Just in time for tomorrow's Reserve Bank of Australia (RBA) monthly board meeting, ME Bank published the results of the 14th survey of its "Household Financial Comfort Report", taken last June.
"The ME Household Financial Comfort Report provides in-depth and critical insights into the financial situation of Australians based on a survey of 1500 households ... produced bi-annually by ME with assistance from DBM Consultants and Economics & Beyond."
The report was quite extensive but in a nutshell, it found that: "With subdued and stagnant incomes, more Australians are feeling strapped for cash, and are being forced to dip into their savings to cover the rising cost of living expenses."
The Household Financial Comfort Index dipped to a reading of 5.44 out of 10 over the six months to June from 5.49 in the same period in December 2017 and 5.51 in June last year. The index averaged 5.45 out of 10 since ME started the survey in October 2011, hitting a low of 5.20 in October 2011 and a high of 5.78 in December 2014.
The survey's key findings:
Low income growth, "the majority of Australian households are not getting a pay rise." Not really an earth-shattering revelation but it confirms the stagnant growth in wages in the Australian Bureau of Statistics' (ABS) Wage Price Index (WPI) report and portends that the June quarter would not be much different from the 2.1% growth in the March quarter.
"...the latest HFCR data found nearly half of households (42%) still had the same income as a year ago, while a quarter (24%) reported income cuts and 34% received a raise."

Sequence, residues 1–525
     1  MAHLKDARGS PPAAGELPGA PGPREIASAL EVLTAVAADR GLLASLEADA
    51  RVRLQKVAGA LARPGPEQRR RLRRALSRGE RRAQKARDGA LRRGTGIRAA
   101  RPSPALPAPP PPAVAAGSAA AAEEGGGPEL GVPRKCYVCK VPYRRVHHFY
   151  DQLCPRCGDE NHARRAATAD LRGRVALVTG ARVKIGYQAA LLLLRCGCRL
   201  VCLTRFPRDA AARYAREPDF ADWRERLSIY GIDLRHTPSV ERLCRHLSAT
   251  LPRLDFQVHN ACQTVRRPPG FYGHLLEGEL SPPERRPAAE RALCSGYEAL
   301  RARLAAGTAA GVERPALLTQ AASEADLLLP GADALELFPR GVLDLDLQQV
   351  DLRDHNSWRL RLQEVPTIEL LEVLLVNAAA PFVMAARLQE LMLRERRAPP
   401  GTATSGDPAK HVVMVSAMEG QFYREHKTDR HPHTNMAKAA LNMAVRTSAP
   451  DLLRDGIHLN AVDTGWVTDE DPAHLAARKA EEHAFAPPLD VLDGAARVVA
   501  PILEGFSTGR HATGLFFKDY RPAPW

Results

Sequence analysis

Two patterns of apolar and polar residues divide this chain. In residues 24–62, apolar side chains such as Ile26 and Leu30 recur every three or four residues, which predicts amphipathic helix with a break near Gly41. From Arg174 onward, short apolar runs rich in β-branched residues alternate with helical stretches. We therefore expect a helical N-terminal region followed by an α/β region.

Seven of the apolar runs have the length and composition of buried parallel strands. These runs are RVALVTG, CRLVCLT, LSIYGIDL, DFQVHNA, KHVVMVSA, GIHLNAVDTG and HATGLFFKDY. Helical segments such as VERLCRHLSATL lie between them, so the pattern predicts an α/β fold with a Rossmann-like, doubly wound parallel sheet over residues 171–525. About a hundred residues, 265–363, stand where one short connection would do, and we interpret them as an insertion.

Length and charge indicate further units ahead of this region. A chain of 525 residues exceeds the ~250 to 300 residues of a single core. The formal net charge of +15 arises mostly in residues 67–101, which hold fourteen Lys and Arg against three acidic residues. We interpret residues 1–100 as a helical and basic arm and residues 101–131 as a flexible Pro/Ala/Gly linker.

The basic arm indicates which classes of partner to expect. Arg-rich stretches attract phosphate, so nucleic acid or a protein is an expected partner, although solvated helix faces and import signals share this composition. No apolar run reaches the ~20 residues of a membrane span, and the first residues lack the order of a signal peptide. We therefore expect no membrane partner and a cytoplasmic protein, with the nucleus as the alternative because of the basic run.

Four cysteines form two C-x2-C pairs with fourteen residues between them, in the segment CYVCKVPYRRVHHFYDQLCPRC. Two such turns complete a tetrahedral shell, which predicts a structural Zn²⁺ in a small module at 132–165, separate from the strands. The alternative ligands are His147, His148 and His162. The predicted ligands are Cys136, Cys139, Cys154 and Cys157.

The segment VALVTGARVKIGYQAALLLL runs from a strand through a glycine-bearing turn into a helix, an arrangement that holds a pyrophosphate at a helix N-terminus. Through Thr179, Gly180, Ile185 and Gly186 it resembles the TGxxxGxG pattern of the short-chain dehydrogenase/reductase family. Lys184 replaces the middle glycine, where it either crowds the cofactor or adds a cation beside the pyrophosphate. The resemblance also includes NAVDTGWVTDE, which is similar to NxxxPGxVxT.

Cost of necessities are a major concern as "over half of households reported it as their 'biggest financial worry'." This is in line with findings from the Westpac/Melbourne Institute consumer sentiment index. While overall consumer sentiment picked up to 106.1 in July from 102.1 in the previous month, the survey revealed pressure on household budgets from "rising electricity and petrol costs, and declining house prices."
More dipping into savings as "fewer households are saving and those that are saving are saving less." I have discussed the reasons for this on this space on a number of occasions. Households are left with no choice given the erosion of their real wages (this has dropped to zero - wages growth of 2.1% (March quarter) and headline CPI inflation of 2.1% (June quarter)). Not only this, latest ABS data show that growth in household disposable income halved to 0.7% in the March quarter from 1.5% in the three-months to December 2017.
This has an ominous foreboding. As Consulting Economist for ME, Jeff Oughton warns: "Clearly, this is a potential tipping point. At the moment, Australians generally can dip into their savings to get by. However, some households may get to a point where there's no more savings to draw from. Currently, around a quarter of Australian households have less than $1000 in cash savings."
Housing stress is still widespread as "over half are paying more than 30% of their income towards housing each month - a common indicator of financial stress." Here, the survey found that while financial stress among renters has eased over the past six months, 45% of households are expending more than 30% of their disposable income towards mortgage repayments.
Likewise, the percentage of households with mortgages "expecting they 'will not be able to meet their required minimum payments on their debt' and 'can just manage to make minimum payments on their debt' in the next 6 -12 months" increased to 43% from 38% in December 2017.
Wages is the key. The RBA won't be able to lift interest rates until growth in wages picks up lest it exacerbates the financial stress on households.
The RBA knows this, it has said so many, many times.
Ben Ong is the Director of Economics and Investments at Rainmaker Group. He previously worked as a fund manager, economist, asset allocation strategist, portfolio analyst and stock market analyst. Check out his economics analysis here.